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Toyotomi Hideyoshi

I've ordered a mini samurai figure for my desk at work. I thought long about which one to order, and in the end I settled for Toyotomi Hideyoshi.

A nice summary of him is as follows, but more is available at the samurai archives:
The most significant figure in Japanese history, as far as the Japanese are concerned, is Toyotomi Hideyoshi (1536-1598). Even his lifetime he was considered one of the greatest of the Japanese, and he was made a Shinto deity shortly after his death and given the title, Hokoku, or "Wealth of the Nation." He began in the most obscure circumstances—the homeless son of a peasant— and rose to become the complete master of Japan by 1590. Hideyoshi had no last name when he began to serve Oda Nobunaga; by the end of his life, he had assumed the family name, Toyotomi, or "Abundant Provider."

Oda Nobunaga had attempted to unify Japan through sheer brute force; Toyotomi furthered this endeavor by concentrating on the arts of peace and administration. Oda had done, you might say, all the dirty work and it was left to Toyotomi to forge a new administrative organization to guarantee unification. His goal was to establish a national structure which allowed various regional feudatories to remain independent and yet still cooperate among one another. He did not wish to establish a centralized government under his control, even though, by 1590, he was the undisputed master of Japan. The government that he built was founded on the old feudal system of personal loyalties rather than administrative centrality. While he pacified the country, he did not fundamentally change the Japanese way of national life.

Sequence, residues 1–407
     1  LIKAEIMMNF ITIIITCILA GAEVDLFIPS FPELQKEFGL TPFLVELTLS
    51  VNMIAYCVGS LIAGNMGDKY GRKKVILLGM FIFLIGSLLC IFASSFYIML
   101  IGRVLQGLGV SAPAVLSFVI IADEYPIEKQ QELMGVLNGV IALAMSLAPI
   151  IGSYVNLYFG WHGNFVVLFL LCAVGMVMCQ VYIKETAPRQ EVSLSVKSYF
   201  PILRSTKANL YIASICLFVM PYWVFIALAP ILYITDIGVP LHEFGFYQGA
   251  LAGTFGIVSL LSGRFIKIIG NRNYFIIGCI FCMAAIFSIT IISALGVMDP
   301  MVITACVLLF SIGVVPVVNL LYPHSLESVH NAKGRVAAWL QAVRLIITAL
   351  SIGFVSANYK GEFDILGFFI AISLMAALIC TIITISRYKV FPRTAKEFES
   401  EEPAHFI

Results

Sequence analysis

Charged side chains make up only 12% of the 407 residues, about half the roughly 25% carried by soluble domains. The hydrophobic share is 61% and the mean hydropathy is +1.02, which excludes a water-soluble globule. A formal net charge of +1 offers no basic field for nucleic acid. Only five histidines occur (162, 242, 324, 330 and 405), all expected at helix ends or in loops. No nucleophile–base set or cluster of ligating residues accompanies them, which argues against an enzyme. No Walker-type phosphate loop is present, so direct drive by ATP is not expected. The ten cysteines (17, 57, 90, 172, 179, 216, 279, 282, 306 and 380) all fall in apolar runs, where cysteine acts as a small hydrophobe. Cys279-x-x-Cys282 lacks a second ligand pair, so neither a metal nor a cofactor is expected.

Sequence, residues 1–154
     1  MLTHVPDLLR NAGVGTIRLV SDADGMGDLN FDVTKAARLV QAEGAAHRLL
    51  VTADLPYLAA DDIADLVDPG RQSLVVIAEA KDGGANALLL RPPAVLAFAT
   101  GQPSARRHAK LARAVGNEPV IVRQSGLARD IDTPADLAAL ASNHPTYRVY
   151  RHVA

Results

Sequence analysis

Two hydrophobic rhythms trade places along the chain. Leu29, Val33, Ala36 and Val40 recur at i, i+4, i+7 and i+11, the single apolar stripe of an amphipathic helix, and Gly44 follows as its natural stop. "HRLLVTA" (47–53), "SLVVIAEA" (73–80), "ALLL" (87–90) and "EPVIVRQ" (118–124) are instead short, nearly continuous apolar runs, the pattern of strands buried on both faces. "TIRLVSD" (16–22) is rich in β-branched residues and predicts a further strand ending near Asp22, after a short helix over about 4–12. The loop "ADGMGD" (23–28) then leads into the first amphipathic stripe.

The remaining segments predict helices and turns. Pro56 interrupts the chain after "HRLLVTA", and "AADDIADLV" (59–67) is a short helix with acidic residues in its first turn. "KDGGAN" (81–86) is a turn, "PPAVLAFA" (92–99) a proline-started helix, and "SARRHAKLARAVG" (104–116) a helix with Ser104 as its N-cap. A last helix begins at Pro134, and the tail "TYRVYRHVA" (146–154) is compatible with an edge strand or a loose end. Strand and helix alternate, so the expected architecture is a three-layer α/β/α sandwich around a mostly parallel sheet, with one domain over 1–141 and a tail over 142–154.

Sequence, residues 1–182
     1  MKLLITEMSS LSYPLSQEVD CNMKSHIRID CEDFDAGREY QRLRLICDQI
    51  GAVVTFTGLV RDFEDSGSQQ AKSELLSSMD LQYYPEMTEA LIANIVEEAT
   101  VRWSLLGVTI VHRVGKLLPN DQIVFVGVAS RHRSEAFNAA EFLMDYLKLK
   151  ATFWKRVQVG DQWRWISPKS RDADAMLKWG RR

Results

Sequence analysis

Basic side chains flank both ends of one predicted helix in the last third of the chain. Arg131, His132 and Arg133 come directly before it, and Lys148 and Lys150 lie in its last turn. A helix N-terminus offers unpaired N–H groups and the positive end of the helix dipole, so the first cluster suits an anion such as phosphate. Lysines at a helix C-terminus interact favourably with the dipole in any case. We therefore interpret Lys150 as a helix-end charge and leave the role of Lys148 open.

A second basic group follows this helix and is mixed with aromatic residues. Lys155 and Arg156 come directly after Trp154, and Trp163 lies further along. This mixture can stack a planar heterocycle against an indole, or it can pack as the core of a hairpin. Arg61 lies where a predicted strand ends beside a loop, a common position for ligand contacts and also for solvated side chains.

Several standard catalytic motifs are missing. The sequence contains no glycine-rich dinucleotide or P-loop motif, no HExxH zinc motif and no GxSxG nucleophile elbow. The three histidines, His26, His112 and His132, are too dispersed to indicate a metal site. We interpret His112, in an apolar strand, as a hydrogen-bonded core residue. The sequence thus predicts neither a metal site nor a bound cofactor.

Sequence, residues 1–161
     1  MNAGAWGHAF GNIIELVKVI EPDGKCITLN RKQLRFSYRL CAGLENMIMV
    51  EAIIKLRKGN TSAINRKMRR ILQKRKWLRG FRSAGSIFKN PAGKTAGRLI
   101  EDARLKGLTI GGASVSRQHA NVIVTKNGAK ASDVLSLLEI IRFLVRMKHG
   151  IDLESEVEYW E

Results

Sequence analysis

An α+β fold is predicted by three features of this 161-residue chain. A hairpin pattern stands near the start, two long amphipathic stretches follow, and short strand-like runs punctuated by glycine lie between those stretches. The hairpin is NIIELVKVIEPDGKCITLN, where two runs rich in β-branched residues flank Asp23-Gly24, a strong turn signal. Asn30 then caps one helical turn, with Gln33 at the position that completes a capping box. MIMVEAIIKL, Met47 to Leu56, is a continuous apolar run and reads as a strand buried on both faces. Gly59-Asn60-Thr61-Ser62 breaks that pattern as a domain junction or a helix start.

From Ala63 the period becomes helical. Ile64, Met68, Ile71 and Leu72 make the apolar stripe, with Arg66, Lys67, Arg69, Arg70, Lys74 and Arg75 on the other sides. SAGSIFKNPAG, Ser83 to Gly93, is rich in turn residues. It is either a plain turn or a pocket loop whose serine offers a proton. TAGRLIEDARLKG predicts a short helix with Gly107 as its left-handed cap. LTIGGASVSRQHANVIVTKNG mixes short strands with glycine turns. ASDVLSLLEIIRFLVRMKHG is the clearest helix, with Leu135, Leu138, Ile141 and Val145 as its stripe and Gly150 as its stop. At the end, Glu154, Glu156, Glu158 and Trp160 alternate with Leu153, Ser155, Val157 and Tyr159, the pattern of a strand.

Most of the measures that Hideyoshi employed would become the basis of Tokugawa rule only a decade later and were instrumental in the long period of domestic quiet that characterized the Tokugawa period (1603-1868). Foremost among these was Hideyoshi's laws barring social mobility. He was concerned about people like himself and his former lord, Oda Nobunaga, who had risen from obscurity through the force of ambition and ruthless single-mindedness. Hideyoshi made class a permanent status for individuals and their offspring; in particular, he made the samurai ("servants"), who were the professional soldiers of Japan, into a separate class and forbade anyone from the non-samurai class to carry weapons or armor.

Hideyoshi's greatest ambition, however, was a Japanese empire extending over the whole of Asia. Throughout the medieval period, the centrality of Japan became more and more an intrinsic aspect of the Japanese national identity. Nobunaga had harbored dreams of a Japanese conquest of China and Hideyoshi attempted to bring those dreams into reality. Shortly after he had unified the feudatories of Japan, he began planning his conquest of China. In 1592 and 1597, he invaded Korea and seized much territory in order to prepare a jumping-off point for the conquest of China through Korea. When he died in 1598, however, all his plans died with him. It was not until the twentieth century that the dream of a Japanese empire would again stir the Japanese to attack Korea and then China.

Hideyoshi had amassed tremendous wealth and lavished it on the imperial court and on various lords throughout the country (hence his posthumous title, "Wealth of the Nation"). He was enshrined in his own temple, called Toyokuni ("Wealth of the Nation") sitting above the Great Buddha he had built in Kyoto. His shrine became a prominent Shinto site, but the affection form him and his era could not hold the country together. The various feudal lords again fell into contention with one another and Hideyoshi's son lost out in the scramble for regional power. The final unification of Japan would fall to the third great hero of Japanese history, Tokugawa Ieyasu.

And so, in preparation of galactic alignment (2012), a new era of Samurai form...


  1. Blogger Aravis says @ 5:00 pm
    That was fascinating!

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